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The Computer System That Won Jeopardy Could Soon Help Nasa With Research

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Rob High, chief technical officer for IBM Watson, believes that over the next decade cognitive computing systems like Watson will "be the dominant form of computing."

The U.S. National Aeronautics and Space Administration is looking at using IBM's Watson cognitive computing technology at three of its centers.

Credit: David C. Bowman/NASA

Rob High, chief technical officer for IBM's Watson cognitive computing system, was at the U.S. National Aeronautics and Space Administration's (NASA) Langley Research Center recently to discuss Watson and the role it could play in furthering NASA research.

NASA researchers primarily are interested in using Watson Discovery Advisor, one of the branches of the larger Watson project that focuses on helping researchers improve their awareness of scientific and technical literature. Discovery Advisor is designed to quickly read through massive amounts of technical documents, papers, and publications to provide researchers with a deeper knowledge of their field. High says the goal is to "amplify human cognition, [and] one technique for doing that is to help humans navigate vast quantities of information, discovering along the way associations in that literature that may be inspirational to people, that may allow people to consider new ideas they hadn't considered before."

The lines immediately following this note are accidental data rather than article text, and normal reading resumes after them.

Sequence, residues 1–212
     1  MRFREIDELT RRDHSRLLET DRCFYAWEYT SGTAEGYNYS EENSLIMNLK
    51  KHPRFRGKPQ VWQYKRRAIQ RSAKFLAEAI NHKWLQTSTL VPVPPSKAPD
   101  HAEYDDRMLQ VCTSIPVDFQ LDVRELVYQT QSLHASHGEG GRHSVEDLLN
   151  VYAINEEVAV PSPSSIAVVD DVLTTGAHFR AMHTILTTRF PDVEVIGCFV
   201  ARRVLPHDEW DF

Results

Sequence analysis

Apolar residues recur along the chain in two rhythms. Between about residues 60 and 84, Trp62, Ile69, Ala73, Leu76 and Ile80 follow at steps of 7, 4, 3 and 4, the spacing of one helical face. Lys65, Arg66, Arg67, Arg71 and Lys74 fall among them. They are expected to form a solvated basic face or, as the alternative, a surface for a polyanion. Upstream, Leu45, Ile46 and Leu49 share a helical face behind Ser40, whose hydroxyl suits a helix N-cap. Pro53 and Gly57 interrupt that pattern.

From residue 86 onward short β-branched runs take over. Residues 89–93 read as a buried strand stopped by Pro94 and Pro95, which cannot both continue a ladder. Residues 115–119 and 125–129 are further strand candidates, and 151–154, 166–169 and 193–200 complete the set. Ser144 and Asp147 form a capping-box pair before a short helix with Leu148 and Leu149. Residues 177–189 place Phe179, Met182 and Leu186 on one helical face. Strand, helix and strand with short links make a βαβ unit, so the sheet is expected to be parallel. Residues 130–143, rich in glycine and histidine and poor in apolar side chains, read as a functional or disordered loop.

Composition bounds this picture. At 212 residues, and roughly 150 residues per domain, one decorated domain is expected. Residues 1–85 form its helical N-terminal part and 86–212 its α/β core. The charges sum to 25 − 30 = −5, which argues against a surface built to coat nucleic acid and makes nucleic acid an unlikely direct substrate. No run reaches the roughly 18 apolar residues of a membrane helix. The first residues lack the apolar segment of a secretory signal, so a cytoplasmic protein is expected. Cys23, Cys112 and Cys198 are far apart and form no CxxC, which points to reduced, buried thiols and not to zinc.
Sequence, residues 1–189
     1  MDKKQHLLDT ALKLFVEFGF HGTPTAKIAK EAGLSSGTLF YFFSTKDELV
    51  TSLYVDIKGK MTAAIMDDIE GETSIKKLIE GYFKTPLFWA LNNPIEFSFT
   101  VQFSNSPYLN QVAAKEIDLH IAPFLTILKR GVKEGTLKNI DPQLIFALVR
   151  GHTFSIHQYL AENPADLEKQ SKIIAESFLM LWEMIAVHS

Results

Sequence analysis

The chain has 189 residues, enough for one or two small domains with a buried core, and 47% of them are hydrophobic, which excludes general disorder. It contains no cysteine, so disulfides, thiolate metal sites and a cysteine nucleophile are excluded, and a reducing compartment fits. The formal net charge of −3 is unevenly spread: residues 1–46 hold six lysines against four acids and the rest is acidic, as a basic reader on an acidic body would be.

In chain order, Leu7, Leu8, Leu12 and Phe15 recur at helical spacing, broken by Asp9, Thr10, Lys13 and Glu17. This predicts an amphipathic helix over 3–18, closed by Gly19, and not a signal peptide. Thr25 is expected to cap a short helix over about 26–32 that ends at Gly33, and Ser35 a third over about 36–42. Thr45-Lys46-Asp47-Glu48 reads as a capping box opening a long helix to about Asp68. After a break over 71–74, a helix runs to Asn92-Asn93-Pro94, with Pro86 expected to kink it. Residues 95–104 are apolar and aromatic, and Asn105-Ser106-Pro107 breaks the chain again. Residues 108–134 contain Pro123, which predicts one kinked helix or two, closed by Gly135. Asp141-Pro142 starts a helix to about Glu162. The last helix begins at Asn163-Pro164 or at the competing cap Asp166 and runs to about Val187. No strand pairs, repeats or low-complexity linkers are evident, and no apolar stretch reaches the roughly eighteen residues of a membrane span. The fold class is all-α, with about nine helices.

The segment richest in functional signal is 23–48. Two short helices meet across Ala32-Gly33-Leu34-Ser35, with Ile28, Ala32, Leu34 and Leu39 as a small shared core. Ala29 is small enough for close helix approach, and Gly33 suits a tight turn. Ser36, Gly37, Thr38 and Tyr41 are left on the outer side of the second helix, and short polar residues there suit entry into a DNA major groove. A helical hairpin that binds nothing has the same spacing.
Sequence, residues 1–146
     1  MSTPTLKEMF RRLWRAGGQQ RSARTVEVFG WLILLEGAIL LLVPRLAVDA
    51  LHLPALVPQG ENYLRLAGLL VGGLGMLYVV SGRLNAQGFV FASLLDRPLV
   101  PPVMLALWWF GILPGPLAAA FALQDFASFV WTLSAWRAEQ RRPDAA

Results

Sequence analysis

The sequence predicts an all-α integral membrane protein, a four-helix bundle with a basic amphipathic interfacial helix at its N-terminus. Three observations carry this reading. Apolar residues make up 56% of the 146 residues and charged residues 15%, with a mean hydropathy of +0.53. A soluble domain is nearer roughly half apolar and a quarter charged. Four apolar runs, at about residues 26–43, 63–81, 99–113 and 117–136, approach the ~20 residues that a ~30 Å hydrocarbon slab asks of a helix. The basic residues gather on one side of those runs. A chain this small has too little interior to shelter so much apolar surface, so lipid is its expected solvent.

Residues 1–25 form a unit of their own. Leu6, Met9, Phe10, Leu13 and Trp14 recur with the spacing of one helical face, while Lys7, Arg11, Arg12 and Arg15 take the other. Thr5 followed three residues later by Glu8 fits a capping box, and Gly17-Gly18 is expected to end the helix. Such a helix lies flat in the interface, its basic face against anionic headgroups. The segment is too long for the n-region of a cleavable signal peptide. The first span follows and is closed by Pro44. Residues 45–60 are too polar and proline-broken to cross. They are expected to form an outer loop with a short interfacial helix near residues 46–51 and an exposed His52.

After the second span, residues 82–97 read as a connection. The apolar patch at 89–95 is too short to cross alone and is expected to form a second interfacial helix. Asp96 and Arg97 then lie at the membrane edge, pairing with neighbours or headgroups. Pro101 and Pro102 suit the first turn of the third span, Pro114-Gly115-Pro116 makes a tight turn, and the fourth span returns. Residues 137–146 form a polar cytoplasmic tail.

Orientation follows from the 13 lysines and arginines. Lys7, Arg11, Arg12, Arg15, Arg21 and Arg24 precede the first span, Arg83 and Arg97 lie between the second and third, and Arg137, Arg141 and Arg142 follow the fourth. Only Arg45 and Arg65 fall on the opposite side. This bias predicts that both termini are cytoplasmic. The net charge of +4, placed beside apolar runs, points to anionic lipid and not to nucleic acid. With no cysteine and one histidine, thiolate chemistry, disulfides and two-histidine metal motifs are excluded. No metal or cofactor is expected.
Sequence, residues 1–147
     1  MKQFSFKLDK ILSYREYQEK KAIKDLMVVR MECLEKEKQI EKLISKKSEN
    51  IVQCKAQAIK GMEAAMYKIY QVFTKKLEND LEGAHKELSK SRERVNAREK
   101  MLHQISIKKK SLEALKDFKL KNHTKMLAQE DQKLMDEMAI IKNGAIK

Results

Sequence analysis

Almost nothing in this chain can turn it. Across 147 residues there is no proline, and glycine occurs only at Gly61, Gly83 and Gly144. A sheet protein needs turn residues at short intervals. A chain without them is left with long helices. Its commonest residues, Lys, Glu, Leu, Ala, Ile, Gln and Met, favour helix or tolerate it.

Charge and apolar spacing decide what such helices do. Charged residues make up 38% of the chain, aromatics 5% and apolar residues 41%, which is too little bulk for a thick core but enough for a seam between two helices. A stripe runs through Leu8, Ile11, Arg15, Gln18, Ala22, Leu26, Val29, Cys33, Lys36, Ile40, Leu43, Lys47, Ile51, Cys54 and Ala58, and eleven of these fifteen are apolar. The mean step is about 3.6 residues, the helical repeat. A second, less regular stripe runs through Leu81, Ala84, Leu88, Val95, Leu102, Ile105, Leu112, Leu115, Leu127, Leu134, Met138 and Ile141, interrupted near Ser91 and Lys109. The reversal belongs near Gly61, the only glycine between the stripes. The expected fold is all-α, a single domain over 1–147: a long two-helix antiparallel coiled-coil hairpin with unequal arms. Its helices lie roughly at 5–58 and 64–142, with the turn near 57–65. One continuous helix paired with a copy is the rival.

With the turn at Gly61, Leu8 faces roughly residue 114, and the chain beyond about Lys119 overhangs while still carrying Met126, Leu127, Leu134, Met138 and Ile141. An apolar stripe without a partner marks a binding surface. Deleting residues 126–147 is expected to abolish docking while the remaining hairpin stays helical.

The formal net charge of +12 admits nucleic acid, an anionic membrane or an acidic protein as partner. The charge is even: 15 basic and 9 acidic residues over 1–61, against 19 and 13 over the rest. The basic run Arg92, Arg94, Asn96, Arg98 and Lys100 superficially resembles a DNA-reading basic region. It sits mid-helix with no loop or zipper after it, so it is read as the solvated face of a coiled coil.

Other NASA facilities are interested in making use of Watson. Both the Ames Research Center and the Armstrong Flight Research Center want to use a Watson system to serve as a flight operations advisor, reading aviation documents, and providing real-time advice to both flight crews and air operations centers.

From NASA News
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